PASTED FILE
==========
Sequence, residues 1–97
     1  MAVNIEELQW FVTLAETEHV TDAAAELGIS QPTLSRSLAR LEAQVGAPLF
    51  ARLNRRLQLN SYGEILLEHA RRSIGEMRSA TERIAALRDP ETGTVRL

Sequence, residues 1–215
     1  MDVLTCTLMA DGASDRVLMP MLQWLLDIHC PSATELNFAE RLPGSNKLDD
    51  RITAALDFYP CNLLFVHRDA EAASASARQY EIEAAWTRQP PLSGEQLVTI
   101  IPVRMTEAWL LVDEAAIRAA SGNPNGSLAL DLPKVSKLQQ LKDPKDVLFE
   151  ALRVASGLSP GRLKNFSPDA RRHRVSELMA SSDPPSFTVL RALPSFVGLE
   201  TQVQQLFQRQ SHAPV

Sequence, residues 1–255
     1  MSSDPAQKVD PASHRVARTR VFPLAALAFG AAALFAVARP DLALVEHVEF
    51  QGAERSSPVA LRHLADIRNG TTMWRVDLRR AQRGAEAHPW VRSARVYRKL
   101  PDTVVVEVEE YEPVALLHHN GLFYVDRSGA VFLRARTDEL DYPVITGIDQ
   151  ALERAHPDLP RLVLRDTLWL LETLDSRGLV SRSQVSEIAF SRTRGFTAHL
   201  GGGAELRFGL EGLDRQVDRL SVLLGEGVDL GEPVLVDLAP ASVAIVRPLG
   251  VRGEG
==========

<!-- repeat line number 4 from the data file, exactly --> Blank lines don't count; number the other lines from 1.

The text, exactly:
Sequence, residues 1–215